5 Replies Latest reply on Jun 28, 2012 9:10 AM by A_Wilson

    Iain M Banks "Culture" series broken in the middle

    Rock_River

      Here's weird: Iain M Banks' Culture SF novels are available as NookBooks... except for Excession and Inversions - which are in the middle of the series. That is, the first three, and the last three, are available, but the middle two are not (unless I want them in Spanish, which I don't). What's wrong with this picture?

        • Re: Iain M Banks "Culture" series broken in the middle
          MacMcK1957

          It's not just Barnes & Noble.  The same is true at Google, Sony Books, and Amazon.  Those two books (different publishers than the rest) are not available electronically except in Spanish translations.  Interesting.  Hope they get that fixed before I get that far in the series.

          • Re: Iain M Banks "Culture" series broken in the middle
            Doug_Pardee

            It appears to be about contracts. Different original publishers and different geographic distribution rights. Both Excession and Inversions are available in e-book form in the UK.

             

              • Re: Iain M Banks "Culture" series broken in the middle
                Rock_River

                Doug_Pardee wrote:

                It appears to be about contracts. Different original publishers and different geographic distribution rights. Both Excession and Inversions are available in e-book form in the UK.

                 


                Verrry Interrestink... Now, the ePub format isn't region-specific, right? So in theory I could buy the UK edition (or perhaps my brother, who lives in England, could buy it for me) and sideload it. Of course there's the DRM problem to get around, but it's something I can look into.

                 

                  • Re: Iain M Banks "Culture" series broken in the middle
                    A_Wilson

                    Rock_River wrote:

                    Doug_Pardee wrote:

                    It appears to be about contracts. Different original publishers and different geographic distribution rights. Both Excession and Inversions are available in e-book form in the UK.

                     


                    Verrry Interrestink... Now, the ePub format isn't region-specific, right? So in theory I could buy the UK edition (or perhaps my brother, who lives in England, could buy it for me) and sideload it. Of course there's the DRM problem to get around, but it's something I can look into.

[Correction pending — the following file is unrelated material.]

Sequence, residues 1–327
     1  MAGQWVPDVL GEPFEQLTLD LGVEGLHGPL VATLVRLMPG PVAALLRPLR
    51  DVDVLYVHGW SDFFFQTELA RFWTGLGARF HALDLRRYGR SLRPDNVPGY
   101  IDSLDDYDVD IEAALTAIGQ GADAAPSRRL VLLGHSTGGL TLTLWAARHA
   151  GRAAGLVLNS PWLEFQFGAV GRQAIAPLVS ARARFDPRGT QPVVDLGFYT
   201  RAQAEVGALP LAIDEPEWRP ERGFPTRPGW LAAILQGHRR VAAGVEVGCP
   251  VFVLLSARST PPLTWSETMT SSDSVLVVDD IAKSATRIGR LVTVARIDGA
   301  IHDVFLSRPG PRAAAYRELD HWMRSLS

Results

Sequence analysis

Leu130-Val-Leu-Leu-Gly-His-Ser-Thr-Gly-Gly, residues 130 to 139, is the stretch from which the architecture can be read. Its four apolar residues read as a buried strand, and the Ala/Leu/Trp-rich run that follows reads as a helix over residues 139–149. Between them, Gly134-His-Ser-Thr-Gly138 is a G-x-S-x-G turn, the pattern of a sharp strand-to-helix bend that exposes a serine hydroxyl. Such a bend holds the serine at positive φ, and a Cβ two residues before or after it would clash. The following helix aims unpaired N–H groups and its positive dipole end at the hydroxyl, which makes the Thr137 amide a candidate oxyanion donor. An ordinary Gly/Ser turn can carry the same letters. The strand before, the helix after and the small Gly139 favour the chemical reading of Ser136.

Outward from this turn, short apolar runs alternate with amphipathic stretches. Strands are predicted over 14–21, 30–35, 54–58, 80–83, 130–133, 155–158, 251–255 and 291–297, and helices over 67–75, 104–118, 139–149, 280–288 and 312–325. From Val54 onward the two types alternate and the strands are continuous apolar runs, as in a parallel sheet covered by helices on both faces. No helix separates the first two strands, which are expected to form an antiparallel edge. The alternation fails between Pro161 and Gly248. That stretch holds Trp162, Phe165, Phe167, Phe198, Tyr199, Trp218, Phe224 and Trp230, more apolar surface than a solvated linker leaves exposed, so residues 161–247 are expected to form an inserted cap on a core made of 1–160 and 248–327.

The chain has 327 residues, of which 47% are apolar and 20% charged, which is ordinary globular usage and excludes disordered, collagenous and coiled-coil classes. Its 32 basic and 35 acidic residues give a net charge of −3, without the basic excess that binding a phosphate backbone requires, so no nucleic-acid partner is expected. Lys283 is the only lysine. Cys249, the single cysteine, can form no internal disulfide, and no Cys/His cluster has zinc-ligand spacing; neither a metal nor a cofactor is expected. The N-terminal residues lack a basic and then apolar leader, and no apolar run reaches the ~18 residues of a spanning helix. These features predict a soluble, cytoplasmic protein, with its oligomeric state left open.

I don't know about others, but I have purchased a couple of ebooks using UK websites without issues.  They had DRM, but since I was able to use my CC and ID it wasn't an issue sideloading via Adobe Digital Editions. If you really want them I would give it a try.  Hope this helps.

                • Re: Iain M Banks "Culture" series broken in the middle
                  BrandieC

                  While not directly relevant to the OP, I discovered a similar issue with today's NOOK Daily Find, Rip Tide by Stella Rimington.  Rip Tide, according to the description on B&N, is the sixth book in Rimington's Liz Carlyle series.  Since I can't stand starting a series in the middle but this one sounded interesting, I checked FictFact for the full listing.  FictFact shows the fifth book as Present Danger.  My library has the preceding four books, as well as Rip Tide, so I checked the B&N site for Present Danger.  It's not available from B&N in any format.

                   

                  To make things curiouser, the Publishers Weekly review of Rip Tide and the "Meet the Author" blurb on B&N's product page both refer to Rip Tide as being the fifth in the Liz Carlyle series, which would explain why my library myseriously doesn't have it.  Nevertheless, in addition to being listed by both FictFact and Wikipedia as a Liz Carlyle book, its description on Amazon describes the plot as involving Liz Carlyle.

                   

                  It doesn't seem like this type of series "hole" is explained by different publishers, as the other books in the series appear to have been published by the same two publishers.  Short of buying a DTB from Amazon, does anyone have any other thoughts about an explanation that will satisfy my obsessive-compulsive imperative to read all preceding books in the series before starting Rip Tide?